It’s all very well using SEO and sales funnels to drive people to your website, but what is the point if once they get there, they don’t take any action?

Not a lot really.

So many small businesses market their websites to the nth degree but fail to look at their site from a viewer’s point of view as to what message it gives and how easy it is to navigate.  I have found this recently with far too many websites that I have looked at.  I have been intrigued by marketing messages and followed links to sites where I have been left confused and disappointed.  I can’t find the information I was expecting, links didn’t work and my interest (and trust) was rapidly lost.

If you aren’t getting the results you want from your website, check out the following points.  And then get someone else to check it out for you also as a visitor.  Too often we know what we are looking for with our sites and so miss the blindingly obvious (been there, done that and got the tee-shirt!)

What you do

Is it clear exactly what your business does as soon as people come to your site?  It’s amazing how many sites fail to get this point effectively.

And, as a simple rule I would suggest:

  • Pre-head: What problem do your ideal clients have
  • Headline: How can you solve this – what big promise are you giving them
  • Sub-head: Why are you different, better and easier than whatever else they’ve tried. Include here a reason for them to believe you such as a strong testimonial.

Get your core information in the fold of the website home  page  (the top part of the page that people see first without having to scroll down.

Contact details

Make it easy for people to be able to contact you.  Don’t let readers have to search around for some tiny link that can be easily missed.  Make your contact details such as email and phone number prominent and obvious.  It can also be worth letting viewers how long it will take for you to respond or when your working hours are.

Up to date information

So often sites have links to information that is years out of date.  This is simply lazy.  Either update the information or get rid of it.  If you don’t, you run the danger of visitors wondering if you are still actively in business or whether you have lost heart.

Look at the following when checking to links leading to information:

  • Blog posts
  • Latest news
  • Social media links – So often I come across links to social media pages that haven’t had a post on them for years upon years. Either update your social media channel with relevant info or remove the link – it’s one of my top bug bears!!!!
  • Offers – if an offer has expired, remove it!!! You don’t want to get a viewer all excited about something you are offering only for them to discover it isn’t available anymore.

Information overload

Don’t overload your home page with so much information that people get lost and confused and don’t where to go first.  Speak to your ideal and their problem.  Lead them off to specific pages for more information.  Keep your home page simple and uncluttered so readers can see what they want quickly and clearly.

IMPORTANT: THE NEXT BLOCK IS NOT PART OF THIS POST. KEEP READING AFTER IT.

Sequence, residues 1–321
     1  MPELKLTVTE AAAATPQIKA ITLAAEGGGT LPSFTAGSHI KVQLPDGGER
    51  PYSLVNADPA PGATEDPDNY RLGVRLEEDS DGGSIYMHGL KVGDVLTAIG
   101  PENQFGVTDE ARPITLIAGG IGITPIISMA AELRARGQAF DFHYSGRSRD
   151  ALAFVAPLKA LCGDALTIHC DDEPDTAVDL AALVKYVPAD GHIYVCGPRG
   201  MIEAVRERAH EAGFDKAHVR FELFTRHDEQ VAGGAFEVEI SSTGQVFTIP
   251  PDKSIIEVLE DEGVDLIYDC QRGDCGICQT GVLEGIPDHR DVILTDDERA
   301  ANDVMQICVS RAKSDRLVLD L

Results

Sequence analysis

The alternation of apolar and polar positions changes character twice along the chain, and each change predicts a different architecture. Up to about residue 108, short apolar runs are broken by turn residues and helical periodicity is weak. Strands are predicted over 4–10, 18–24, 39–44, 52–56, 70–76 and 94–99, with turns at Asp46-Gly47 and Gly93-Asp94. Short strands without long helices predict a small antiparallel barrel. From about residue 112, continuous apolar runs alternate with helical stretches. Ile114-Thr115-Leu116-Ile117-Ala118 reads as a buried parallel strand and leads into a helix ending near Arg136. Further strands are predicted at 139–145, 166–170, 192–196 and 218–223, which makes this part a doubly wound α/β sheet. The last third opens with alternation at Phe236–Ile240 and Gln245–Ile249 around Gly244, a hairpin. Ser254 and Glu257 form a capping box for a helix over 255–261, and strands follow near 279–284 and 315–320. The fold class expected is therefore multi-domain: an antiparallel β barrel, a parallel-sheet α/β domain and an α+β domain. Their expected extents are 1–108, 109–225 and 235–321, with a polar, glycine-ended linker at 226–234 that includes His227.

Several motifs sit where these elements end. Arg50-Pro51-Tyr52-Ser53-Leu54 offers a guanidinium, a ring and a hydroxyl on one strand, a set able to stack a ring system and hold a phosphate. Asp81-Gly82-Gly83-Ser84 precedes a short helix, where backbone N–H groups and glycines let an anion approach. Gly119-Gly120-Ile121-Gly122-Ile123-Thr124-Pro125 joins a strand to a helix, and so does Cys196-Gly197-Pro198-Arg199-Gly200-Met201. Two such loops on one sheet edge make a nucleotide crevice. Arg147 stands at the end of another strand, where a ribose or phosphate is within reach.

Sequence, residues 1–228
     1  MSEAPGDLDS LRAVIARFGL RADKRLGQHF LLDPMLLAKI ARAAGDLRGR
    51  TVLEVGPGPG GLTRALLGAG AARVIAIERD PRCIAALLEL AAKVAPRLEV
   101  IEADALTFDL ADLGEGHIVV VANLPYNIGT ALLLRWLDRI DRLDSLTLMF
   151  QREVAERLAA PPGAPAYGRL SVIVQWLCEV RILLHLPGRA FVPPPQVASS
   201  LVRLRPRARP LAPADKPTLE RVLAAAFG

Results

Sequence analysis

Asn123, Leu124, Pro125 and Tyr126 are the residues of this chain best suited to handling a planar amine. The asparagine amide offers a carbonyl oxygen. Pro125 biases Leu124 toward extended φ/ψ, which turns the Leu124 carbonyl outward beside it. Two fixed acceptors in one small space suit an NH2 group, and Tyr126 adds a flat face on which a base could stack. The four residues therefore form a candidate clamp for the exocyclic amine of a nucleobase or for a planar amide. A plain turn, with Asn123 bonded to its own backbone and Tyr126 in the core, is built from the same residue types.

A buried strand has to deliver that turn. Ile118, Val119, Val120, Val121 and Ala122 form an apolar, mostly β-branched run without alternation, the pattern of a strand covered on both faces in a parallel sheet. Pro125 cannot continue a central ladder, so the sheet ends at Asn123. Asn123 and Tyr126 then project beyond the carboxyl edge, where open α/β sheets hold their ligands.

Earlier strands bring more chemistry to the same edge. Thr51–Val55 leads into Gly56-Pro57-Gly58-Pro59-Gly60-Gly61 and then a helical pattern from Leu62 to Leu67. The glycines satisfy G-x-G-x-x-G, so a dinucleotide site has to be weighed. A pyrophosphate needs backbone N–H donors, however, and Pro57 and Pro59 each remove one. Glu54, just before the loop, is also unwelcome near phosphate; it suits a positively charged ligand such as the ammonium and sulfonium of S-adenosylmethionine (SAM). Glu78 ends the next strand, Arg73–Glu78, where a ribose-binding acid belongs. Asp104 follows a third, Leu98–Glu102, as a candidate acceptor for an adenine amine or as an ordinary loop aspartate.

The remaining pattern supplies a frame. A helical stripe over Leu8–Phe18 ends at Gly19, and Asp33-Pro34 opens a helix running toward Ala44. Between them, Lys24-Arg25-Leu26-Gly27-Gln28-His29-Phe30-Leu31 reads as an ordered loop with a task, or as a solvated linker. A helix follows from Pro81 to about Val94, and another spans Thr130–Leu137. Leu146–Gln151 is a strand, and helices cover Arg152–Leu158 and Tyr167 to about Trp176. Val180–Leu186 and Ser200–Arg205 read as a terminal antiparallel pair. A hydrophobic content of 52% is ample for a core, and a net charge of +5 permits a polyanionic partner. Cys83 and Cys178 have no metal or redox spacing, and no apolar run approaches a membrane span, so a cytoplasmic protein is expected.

Navigation

Is your site easy to navigate?  This again is an area where I strongly getting someone else to check your site out for you.  You may know where all the key information is but do your readers.

I was recently taking part in a mini-course on a site where I got totally confused as to where I needed to go to access the key information.  Links weren’t working and it simply wasn’t obvious where to go.  When I flagged this up to the site owner, they gave me instructions which resulted in clicking on no more than 4 separate links to get where I needed to be.

Really?  No!  One click from grabbing someone’s attention to take them where they need to be.  Hasten to say, I gave up on the mini-course and won’t be making any purchase from this business as it was simply too confusing and time-consuming trying to work the site out.

Buyer confidence

If you want to make prospective buyers feel confident enough to part with their hard-earned cash and buy from you, you need to have some basics in place.  It is crucial to have terms and condition on your site to inspire trust and avoid future conflicts.

These terms and conditions should include as a bare minimum:

  • A clear definition of what products or services will be provided
  • Payment terms – how to pay, when payment is due
  • Any guarantees or warranties offered
  • Delivery times and any additional delivery costs
  • Returns/refund policy
  • Cancellation policy

It still amazes me how many sites are missing this key information.  I was going to make a purchase a while ago of a product for a present, but no matter how hard I tried, I could not find any information on how long the delivery time would be.  As I needed the item for a specific date, I didn’t place the order.

 

As mentioned previously, once you have checked your website for all these points, go get someone else to check for you also.  I offer this service to members of my Small Business Kit and give feedback as to how to improve their sites so come join up and I’ll check your site for you.

 

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